Cognitive Changes With Parkinson’s. Treatment Can Improve Quality of Life

Many of us will recognize the outward motor symptoms of Parkinson's Disease (PD), including tremors and a shuffling gait. However, the non-motor symptoms connected with the cognitive changes in PD may intensify as the disease progresses.

Key takeaways:
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    Mild cognitive impairment occurs in 20-50% of people with Parkinson's disease.
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    Parkinson's disease dementia (PDD) typically occurs several years after the symptoms of Parkinson's begin. 75% of people who live ten years with Parkinson's will develop PDD.
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    Dementia with Lewy Bodies (DLB) occurs when symptoms of dementia begin close to the time of Parkinson's diagnosis.
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    Early diagnosis of cognitive impairment and monitoring for the further decline will mean early treatment and intervention to slow the decline.

Therefore, recognizing the subtle differences in cognition early in the progression becomes even more critical. Initiating prompt treatment will improve quality of life and a sense of well-being.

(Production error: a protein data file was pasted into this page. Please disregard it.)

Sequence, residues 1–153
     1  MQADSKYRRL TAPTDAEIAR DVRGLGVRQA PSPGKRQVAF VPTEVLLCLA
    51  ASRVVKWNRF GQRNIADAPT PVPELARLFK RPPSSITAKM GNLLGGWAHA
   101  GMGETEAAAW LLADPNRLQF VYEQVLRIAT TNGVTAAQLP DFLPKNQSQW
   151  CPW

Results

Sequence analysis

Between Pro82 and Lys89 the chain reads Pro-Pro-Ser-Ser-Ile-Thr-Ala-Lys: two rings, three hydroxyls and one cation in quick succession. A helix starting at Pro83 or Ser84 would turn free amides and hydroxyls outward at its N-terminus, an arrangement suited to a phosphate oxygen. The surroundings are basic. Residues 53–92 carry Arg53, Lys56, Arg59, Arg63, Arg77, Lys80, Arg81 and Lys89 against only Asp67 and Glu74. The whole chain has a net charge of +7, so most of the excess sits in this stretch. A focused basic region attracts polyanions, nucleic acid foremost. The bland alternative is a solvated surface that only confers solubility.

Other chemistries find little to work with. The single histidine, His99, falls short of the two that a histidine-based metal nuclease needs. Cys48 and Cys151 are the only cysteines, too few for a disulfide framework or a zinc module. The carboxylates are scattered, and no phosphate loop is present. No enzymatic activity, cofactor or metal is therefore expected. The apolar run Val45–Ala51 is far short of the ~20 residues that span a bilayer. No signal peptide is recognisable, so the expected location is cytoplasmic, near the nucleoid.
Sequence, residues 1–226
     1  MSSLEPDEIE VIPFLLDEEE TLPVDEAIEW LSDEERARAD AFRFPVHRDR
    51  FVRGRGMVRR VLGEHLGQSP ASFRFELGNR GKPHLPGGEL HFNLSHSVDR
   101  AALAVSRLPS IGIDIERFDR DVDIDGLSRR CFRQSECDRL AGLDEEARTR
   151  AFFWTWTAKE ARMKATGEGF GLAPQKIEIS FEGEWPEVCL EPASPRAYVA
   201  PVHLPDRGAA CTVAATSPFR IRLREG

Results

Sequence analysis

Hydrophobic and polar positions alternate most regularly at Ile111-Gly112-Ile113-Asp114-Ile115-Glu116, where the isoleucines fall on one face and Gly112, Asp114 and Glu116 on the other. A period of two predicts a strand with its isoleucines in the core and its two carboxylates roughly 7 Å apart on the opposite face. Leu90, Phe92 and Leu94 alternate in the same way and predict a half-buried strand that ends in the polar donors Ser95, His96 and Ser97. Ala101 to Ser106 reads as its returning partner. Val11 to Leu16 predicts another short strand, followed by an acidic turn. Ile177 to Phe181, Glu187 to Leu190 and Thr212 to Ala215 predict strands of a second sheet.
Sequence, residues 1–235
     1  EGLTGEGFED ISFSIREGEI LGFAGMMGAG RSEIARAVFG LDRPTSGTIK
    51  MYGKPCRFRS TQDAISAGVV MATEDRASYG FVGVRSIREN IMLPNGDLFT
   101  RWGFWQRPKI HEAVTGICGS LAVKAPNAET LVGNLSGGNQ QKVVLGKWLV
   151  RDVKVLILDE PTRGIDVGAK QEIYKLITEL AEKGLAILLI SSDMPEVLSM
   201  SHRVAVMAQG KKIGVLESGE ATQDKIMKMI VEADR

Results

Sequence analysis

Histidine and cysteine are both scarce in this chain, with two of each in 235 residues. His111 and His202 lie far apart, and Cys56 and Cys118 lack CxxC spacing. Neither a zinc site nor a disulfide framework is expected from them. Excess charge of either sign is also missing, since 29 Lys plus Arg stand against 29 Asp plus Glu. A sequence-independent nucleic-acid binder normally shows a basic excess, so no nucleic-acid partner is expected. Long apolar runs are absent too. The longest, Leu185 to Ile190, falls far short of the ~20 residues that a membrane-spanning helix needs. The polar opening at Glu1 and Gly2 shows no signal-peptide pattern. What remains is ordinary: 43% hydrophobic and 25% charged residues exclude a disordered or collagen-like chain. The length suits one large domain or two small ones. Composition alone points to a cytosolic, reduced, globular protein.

When most people think of cognition, they think of long and short-term memory. However, cognition and cognitive changes incorporate more than just memory.

Attention and Concentration: The ability to concentrate on things like, reading a book or watching a movie.

Language: The ability to actively engage in a conversation.

Executive Functioning: Knowing the steps to complete a task or problem-solving a disruption in the routine.

Visuospatial Skills: The ability to judge the distance when parking your car or making a "mental map" when driving or walking down the street.

Cognitive changes in Parkinson's

The medical community once believed that cognitive changes did not occur until later in the disease. Still, there is more evidence that declining cognition may be present early in the illness.

Sometimes cognitive changes in someone with Parkinson's disease can be mild and not interfere with everyday activities. Mild Cognitive Impairment (MCI) occurs in 20-50% of people with PD, but not all of those with MCI will progress to dementia. Early cognitive screening and ongoing monitoring will help identify early changes in people diagnosed with Parkinson's.